There are so many common misconceptions surrounding music and music education that it’s hard to know where to begin. The popular mindset around “music lessons” has roots going back to the conservatories of 19th century Europe, and earlier. Because classical music has been a professionalized art form for more than 350 years, the “classical school” still sets the standards for legitimacy and professionalism in music education, whether classical or modern.
Unfortunately, the traditions of the “classical school” include a neurotic rigidity of thought. Modern music educators are afraid to stray too far from classical models and methods. Even though people have been talking and writing about the need to modernize music education since the 1960s, there doesn’t seem to be a consensus as to just what the “modern school” is, as distinct from the traditional, classical school of thought.
Ideas regarding “legitimacy” in music education are still based on biases set down and rigorously enforced by the “classical school.” The result is that many “modern” approaches to teaching music are just reworkings of old classical methods. Most schools that teach modern music, and most modern method books, still cater to classical biases which ignore the ways in which the working methods of professional musicians have changed, especially since the 1960s.
For students who want to learn to write or play in modern styles like rock and country, this is a huge problem. Students who want to learn modern styles get shoehorned into outmoded classical methods which frustrate every creative impulse. Students today are confronted by a nexus of music schools (both accredited and unaccredited), method book publishers, and music teachers which could rightly be called the Music Education Establishment. This Establishment has existed in one form or another for hundreds of years.
The biases of the Music Education Establishment are classical biases. Let’s look at a few of them:
* “Musical literacy” is the ability to read, and perhaps write, staff notation. (After all, what else could it possibly mean?)
* In order to understand music theory, you must read staff notation.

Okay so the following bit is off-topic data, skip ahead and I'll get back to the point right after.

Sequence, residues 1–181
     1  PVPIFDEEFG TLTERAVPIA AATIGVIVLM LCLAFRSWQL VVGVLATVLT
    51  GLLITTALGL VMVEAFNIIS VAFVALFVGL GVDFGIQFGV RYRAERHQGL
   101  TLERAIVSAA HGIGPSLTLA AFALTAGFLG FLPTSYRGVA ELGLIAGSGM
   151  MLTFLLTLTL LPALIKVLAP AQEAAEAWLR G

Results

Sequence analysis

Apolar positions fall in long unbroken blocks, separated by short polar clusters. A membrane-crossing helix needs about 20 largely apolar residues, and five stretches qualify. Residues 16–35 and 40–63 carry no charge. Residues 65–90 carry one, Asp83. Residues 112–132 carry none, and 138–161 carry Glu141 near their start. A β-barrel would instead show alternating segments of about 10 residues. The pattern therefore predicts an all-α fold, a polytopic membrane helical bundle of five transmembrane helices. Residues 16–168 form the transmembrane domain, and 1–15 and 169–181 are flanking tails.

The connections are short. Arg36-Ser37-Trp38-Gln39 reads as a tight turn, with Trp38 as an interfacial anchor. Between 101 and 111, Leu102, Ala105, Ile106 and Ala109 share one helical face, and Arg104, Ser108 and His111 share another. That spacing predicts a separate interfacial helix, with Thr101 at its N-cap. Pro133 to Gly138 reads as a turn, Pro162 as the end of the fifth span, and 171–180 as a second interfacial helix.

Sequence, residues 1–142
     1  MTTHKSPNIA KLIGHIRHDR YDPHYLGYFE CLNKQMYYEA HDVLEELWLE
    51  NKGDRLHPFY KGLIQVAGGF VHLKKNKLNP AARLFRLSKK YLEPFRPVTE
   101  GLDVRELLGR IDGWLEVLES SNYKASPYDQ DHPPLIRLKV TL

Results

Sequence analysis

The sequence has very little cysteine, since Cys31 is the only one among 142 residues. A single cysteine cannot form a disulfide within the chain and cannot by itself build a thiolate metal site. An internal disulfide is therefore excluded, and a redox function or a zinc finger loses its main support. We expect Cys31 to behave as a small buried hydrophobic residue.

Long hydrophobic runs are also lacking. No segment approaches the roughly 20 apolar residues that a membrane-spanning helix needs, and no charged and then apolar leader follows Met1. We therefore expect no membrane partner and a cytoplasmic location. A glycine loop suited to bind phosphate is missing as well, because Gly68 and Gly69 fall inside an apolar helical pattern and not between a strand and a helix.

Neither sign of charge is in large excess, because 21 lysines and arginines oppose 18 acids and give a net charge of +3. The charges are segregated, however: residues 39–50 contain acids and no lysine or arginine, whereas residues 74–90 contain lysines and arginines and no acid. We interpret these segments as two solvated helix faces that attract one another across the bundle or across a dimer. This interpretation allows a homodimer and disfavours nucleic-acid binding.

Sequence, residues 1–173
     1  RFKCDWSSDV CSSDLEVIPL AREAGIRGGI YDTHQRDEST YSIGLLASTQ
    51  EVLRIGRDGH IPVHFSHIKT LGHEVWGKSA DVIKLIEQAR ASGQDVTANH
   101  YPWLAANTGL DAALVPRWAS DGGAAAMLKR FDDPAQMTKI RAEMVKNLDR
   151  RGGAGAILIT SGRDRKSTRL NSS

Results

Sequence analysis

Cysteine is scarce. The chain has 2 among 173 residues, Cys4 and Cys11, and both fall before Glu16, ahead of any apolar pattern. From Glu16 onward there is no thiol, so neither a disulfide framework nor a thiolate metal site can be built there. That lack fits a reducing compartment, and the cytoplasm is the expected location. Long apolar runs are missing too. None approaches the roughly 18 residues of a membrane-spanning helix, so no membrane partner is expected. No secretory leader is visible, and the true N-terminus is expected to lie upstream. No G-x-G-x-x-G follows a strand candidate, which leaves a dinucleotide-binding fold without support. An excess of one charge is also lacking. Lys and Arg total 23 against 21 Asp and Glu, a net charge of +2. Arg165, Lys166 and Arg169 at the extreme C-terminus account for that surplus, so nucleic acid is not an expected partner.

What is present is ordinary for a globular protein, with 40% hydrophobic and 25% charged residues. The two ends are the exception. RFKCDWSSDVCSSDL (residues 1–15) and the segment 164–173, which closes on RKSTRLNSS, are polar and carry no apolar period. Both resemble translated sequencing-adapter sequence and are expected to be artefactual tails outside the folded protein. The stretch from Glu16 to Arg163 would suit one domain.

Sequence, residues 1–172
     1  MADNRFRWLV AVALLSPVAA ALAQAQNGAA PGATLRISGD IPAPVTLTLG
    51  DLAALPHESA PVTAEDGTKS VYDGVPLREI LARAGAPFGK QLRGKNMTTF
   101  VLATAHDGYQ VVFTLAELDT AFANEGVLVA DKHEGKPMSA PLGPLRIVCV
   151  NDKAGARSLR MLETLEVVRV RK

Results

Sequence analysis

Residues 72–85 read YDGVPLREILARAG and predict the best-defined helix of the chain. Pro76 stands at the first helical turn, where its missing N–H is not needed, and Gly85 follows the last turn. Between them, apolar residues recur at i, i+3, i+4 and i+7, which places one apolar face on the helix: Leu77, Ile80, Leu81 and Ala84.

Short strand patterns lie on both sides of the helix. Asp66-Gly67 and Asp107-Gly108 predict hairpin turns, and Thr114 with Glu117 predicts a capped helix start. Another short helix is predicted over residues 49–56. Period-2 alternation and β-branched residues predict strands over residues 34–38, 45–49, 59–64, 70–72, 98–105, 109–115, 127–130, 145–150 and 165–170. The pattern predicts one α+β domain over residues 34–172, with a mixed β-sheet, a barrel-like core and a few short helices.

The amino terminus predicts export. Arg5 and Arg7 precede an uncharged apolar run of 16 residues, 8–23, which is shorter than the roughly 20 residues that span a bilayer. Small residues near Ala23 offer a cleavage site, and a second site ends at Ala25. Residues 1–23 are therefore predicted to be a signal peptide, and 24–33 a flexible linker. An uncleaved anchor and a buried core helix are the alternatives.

* “Writing music” means just what it says, putting pen to paper, and writing in staff notation.
* The two measures of your ability as a musician are your ability to read staff notation, and your ability to play what you read as accurately as possible.
* “You’re not reading, you’re playing by ear,” is something a piano teacher says to an inattentive student, or an accusation which a conservatory student levels at a rival student.
* The main goal of practicing music is to learn to play it exactly the same way each time.
* Classical music education is the gold standard for music education. Anything other than classical music education barely qualifies as “music education,” and is at best substandard.
Some of these biases might make sense, if you’re a classical musician. The problem is that when you bring them into a modern-day recording session, you discover that these classical biases fly in the face of reality. Modern music requires musicians to improvise and interpret in real time. It requires a mindset that’s alien to many classically-trained musicians. Biases like the ones I’ve just listed are incompatible with many settings in the modern-day music business.
Because of years of conditioning by the Music Education Establishment, people who have never been to music school know that if they sign up for music lessons, they will be required to read music. The Music Education Establishment has conditioned most people to believe that it’s necessary to read music if you want to learn a musical instrument. In this series of posts, I’m going to explain why that isn’t true.
The common misconception that you have to read music to learn an instrument is only one part of the Classical/Modern Disconnect that is killing music education, accredited and non-accredited, modern and classical. Many educators believe improving modern music education is the key to helping a dying classical school to attract a new generation of dedicated adherents.
The Music Education Establishment isn’t an evil monolith which needs to be dismantled. However, there is a logjam in the modern music education system. In this series of posts, we’re going to try to break that jam one log at a time.
It all goes to show the importance of learning to play music by ear.
© 2019, 2020 Greg Varhaug